USC football’s first six practices of Spring Camp will no longer be open to the public because of concerns over the spread of the COVID-19 coronavirus.
USC football’s plans to keep Spring Camp practices open to the public have been derailed.
As part of a response to the spread of the COVID-19 coronavirus, the Trojans announced on Tuesday night wide-ranging policies limiting public access to all athletic events held on campus until March 29 at the earliest. That includes games as well as previously open practices.
The university had already transitioned to online classes and canceled all university events on campus.
USC’s football team was scheduled to return to the practice field on Tuesday but that first practice of Spring Camp was delayed to Wednesday because of weather concerns with a thunderstorm hitting Los Angeles.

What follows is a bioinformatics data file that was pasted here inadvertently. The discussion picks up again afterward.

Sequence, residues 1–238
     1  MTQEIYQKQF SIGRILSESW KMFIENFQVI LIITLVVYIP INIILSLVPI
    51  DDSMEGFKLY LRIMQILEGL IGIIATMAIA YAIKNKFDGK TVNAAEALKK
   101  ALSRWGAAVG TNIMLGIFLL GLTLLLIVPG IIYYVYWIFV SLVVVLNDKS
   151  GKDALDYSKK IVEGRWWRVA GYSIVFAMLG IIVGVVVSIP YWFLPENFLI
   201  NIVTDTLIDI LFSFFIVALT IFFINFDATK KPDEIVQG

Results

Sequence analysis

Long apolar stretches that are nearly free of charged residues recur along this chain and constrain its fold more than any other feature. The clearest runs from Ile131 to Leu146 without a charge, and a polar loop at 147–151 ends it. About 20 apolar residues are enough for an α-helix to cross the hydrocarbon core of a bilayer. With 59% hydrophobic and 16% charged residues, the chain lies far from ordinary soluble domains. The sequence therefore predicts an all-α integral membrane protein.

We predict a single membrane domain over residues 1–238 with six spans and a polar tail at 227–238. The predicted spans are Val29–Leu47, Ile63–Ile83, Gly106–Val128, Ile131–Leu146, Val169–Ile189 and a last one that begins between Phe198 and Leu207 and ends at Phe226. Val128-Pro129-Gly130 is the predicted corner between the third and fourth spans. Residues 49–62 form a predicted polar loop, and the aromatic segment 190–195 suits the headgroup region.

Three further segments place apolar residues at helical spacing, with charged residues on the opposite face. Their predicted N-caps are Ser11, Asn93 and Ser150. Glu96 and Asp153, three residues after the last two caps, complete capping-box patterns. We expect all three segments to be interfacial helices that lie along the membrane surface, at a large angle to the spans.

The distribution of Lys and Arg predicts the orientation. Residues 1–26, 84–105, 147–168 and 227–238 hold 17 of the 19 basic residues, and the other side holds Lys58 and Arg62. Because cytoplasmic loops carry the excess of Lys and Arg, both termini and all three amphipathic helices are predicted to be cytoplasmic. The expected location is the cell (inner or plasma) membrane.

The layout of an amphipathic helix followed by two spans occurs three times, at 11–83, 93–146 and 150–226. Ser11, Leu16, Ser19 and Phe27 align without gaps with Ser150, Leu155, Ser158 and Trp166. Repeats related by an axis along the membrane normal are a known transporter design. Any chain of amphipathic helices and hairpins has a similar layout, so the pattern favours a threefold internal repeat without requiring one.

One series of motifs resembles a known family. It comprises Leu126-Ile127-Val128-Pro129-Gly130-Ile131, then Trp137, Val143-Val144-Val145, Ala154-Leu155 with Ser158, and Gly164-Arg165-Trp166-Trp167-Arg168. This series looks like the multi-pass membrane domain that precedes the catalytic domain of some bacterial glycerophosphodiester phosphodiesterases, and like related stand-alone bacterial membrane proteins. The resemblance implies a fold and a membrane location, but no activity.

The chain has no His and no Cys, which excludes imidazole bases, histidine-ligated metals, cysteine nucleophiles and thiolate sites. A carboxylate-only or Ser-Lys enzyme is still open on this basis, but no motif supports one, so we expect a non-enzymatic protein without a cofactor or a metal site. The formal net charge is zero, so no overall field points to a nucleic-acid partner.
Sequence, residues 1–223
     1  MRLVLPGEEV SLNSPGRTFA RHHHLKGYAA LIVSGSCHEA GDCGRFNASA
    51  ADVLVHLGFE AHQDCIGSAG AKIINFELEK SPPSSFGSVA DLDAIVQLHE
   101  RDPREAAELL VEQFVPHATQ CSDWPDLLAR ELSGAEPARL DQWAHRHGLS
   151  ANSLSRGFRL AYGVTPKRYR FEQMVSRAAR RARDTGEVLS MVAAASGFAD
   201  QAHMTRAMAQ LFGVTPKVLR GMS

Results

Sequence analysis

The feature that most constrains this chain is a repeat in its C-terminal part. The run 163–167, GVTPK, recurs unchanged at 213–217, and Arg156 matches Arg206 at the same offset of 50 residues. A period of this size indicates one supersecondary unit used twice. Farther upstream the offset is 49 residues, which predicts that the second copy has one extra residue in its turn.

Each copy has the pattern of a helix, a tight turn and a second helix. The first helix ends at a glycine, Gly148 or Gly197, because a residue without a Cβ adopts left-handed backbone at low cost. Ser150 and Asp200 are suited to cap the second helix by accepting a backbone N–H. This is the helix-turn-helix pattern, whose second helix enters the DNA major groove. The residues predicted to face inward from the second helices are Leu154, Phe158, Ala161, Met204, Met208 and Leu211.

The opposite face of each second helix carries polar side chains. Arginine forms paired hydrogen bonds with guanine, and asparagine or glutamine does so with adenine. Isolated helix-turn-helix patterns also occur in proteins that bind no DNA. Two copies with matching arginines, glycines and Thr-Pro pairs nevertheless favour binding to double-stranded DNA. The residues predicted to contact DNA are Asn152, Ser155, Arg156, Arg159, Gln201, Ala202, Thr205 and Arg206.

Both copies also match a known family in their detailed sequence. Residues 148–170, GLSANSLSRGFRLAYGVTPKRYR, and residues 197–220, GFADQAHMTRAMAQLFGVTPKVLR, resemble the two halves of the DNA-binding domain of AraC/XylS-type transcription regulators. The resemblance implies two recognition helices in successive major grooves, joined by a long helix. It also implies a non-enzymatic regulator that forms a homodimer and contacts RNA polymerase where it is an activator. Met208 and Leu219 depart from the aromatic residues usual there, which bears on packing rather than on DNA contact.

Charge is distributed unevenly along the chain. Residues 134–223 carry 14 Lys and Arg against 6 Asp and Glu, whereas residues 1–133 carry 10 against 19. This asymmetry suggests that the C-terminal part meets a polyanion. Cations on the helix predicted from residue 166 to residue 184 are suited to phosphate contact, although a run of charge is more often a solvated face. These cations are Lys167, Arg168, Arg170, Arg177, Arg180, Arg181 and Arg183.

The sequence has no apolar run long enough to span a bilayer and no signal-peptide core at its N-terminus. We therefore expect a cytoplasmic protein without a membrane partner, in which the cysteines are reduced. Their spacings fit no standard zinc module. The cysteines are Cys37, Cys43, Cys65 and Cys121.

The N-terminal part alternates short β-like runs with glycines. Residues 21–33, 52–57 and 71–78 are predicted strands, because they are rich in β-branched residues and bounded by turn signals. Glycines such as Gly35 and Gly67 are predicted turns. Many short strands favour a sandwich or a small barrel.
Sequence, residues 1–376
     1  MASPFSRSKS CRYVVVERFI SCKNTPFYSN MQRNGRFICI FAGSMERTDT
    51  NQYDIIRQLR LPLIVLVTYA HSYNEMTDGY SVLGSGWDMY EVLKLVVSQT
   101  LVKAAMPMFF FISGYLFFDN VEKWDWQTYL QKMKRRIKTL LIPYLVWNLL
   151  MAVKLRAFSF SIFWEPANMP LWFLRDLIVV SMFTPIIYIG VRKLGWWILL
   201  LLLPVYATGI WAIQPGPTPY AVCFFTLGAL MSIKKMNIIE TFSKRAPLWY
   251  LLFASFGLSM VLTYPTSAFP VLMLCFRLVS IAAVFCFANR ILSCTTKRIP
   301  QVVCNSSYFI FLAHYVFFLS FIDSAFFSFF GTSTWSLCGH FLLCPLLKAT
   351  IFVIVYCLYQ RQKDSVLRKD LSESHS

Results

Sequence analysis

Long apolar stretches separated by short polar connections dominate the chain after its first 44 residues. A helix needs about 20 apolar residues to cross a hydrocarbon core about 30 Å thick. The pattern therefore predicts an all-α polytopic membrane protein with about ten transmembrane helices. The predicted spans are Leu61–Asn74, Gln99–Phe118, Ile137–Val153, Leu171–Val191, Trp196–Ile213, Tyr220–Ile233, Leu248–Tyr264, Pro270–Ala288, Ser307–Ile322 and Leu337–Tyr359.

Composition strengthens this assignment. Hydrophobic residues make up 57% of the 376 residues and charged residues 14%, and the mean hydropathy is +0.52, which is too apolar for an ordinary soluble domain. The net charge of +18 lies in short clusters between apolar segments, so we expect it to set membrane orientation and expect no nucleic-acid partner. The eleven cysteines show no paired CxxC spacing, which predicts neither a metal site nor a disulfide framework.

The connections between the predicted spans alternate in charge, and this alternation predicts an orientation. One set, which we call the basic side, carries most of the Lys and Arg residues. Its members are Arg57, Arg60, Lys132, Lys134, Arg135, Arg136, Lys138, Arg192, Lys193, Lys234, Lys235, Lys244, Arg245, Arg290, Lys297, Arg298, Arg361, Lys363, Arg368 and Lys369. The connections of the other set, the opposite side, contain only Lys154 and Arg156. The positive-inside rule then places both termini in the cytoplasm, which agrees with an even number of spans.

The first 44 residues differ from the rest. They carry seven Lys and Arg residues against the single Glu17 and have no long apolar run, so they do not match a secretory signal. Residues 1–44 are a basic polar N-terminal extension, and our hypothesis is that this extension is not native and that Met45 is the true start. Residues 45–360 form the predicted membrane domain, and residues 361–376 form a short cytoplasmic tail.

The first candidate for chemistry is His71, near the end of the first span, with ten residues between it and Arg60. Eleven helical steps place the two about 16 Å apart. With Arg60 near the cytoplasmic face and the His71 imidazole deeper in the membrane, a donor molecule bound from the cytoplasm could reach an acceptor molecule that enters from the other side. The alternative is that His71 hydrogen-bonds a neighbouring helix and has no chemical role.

The Trojans will complete their first week of practice as scheduled, with dates on Wednesday, Thursday and Saturday. Then they will take a week off for Spring Break, returning on March 24 for another week of practice on Tuesday, Thursday, and Saturday. Those dates are now all closed to the public.
Media is expected to be allowed to attend practice, so reports of what is going on behind the walls of Howard Jones Field will still be available. Unfortunately, fans will not be able to see the Trojans with their own eyes until Tuesday, March 31 at the earliest.
Restricting public access to practice is the least of the measures programs around the country are taking to respond to the coronavirus outbreak. The Ivy League canceled spring practices entirely. Cincinnati canceled their Spring Game on April 10 while the governor of Ohio asked for all indoor sporting events to be held without spectators.
On the basketball side of things, the Pac-12 Tournament is expected to continue as planned, but the situation with that tournament as well as the NCAA Tournament remain in flux.
There has been no public connection between USC’s student or student-athlete population and the coronavirus as of yet. These moves appear to be completely cautionary.